I’d rather spend on animal health to prevent issues like mastitis – it takes workload and stress off staff and myself.
We teat seal our rising two year olds about nine weeks before calving starts and blanket dry cow and teat seal our milking herd at dry off.
How do you minimise impact on staff?
Staff are important to our business and we want to retain them. We make sure they know their jobs are safe and try to make work enjoyable by having a laugh and good communication.
Staff training and progression is important so we include them in our business decisions and go through our workings with them so they understand why we’re doing what we’re doing. They can then use the process themselves later in life.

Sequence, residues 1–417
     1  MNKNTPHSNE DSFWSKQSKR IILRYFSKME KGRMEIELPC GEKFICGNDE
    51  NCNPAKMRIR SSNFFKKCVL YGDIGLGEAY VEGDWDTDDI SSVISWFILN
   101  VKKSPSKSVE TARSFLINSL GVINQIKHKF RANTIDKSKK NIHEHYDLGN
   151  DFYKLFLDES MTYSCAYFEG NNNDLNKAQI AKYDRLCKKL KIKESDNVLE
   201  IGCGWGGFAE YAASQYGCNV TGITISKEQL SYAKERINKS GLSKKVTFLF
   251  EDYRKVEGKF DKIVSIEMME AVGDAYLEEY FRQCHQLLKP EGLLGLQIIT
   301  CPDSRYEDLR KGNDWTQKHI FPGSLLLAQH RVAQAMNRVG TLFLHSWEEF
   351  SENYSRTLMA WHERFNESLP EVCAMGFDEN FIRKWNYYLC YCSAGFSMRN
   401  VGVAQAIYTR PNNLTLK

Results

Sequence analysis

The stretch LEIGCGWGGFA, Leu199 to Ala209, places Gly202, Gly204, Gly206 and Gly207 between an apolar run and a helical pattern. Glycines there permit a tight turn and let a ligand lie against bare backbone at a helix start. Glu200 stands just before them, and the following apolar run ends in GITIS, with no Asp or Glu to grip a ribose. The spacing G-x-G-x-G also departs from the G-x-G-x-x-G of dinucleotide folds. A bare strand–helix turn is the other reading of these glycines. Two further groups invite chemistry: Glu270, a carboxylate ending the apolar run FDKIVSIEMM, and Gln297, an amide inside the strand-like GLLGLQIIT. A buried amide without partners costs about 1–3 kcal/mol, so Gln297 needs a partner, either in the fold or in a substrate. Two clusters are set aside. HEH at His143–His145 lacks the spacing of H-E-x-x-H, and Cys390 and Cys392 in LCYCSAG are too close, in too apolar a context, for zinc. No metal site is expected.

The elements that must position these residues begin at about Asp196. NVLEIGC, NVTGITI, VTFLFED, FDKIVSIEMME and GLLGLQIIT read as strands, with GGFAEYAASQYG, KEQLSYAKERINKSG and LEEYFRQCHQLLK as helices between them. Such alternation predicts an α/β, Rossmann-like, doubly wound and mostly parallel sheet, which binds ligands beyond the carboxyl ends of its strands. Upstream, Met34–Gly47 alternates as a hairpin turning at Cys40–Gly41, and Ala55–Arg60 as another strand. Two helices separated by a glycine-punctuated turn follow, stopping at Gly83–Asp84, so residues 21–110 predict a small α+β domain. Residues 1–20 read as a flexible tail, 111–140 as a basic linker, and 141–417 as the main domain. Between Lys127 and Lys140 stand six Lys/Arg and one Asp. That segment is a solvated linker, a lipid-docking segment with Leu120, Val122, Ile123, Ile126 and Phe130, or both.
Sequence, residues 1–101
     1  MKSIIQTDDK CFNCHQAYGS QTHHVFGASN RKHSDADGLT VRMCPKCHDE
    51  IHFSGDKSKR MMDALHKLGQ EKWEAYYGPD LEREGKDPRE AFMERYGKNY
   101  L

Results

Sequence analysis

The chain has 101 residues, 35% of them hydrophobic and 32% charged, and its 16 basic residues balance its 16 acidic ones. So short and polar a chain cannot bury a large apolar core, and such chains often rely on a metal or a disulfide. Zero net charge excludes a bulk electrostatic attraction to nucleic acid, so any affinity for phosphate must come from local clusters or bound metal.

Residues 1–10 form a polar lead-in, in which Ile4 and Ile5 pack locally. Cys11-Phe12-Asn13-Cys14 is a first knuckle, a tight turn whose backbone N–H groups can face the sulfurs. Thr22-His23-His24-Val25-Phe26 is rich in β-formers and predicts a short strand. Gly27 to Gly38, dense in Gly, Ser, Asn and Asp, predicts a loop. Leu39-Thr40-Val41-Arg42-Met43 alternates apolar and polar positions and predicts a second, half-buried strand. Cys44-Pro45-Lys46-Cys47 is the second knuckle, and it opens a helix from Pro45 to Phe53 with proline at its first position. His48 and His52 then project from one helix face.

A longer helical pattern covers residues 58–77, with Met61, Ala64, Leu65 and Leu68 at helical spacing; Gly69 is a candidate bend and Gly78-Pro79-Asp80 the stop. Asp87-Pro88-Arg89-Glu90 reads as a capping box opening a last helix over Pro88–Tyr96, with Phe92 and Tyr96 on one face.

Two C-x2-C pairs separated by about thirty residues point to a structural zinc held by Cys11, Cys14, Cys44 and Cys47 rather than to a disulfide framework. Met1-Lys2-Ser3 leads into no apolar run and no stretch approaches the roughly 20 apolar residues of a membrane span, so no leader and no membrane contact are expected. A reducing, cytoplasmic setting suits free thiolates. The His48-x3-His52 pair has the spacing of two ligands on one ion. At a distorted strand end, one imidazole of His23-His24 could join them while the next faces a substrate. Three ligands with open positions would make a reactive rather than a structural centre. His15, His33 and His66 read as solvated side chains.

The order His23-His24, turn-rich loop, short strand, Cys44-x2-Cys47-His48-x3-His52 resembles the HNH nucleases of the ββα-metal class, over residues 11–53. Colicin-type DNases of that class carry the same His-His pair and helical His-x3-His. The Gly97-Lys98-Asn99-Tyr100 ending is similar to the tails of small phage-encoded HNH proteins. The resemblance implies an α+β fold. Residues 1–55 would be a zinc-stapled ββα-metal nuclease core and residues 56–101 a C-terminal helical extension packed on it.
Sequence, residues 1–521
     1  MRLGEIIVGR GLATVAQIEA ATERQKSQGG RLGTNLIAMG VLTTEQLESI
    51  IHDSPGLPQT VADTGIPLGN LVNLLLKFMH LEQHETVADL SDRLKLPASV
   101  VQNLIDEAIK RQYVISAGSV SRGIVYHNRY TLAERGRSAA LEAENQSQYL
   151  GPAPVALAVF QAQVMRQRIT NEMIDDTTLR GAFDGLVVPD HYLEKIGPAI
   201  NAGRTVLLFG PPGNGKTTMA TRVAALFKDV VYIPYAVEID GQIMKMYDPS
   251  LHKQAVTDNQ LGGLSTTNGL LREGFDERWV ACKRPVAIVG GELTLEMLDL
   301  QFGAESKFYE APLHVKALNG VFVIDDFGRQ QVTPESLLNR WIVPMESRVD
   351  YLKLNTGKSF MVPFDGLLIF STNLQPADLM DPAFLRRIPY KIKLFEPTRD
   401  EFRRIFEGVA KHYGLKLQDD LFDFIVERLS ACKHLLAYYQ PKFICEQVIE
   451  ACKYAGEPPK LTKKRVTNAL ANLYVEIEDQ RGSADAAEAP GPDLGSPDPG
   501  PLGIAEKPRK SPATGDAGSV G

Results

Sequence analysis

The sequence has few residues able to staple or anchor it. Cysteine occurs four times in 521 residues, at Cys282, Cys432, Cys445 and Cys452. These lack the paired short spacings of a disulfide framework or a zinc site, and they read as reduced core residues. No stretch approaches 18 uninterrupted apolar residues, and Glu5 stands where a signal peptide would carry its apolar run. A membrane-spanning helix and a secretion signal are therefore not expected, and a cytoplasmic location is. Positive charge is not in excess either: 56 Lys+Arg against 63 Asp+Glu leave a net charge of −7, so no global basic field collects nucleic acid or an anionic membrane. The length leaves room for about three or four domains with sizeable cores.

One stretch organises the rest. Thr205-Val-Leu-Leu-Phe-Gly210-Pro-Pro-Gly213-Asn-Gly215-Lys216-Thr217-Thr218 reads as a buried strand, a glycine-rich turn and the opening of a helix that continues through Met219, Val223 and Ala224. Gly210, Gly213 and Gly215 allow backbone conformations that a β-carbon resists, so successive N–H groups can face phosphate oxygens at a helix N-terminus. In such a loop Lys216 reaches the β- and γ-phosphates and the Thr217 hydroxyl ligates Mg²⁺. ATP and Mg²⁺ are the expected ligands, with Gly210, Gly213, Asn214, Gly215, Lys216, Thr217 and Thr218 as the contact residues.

Why did you agree to be a case study farmer for DairyNZ’s Tactics campaign?
It’s about creating discussion as well as a support network. It’s an opportunity to look at figures and consider areas where efficiency could be improved.
If by hosting and contributing to these fieldays more farmers are able to drive better profits regardless of payout, it will be better for Northland and New Zealand dairy farming as a whole, including the next generation of farmers.
What other farming goals do you have?
Debt reduction is a big focus for us because we have purchased all our farms through borrowing money from the bank. Debt can be your friend because it’s the thing that makes you sharp and it makes it crucial to really perform well – it’s why we have to have a profitable system.
What’s your advice to farmers who are finding it tough?
It’s a learning process – keep positive and remember these times and learn from them and you’ll be in a better position.
Relationships and family are more important than saving a few dollars, and even a short break helps keep things in perspective. You’ve got to enjoy what you do every day and stay focused on your long term goals.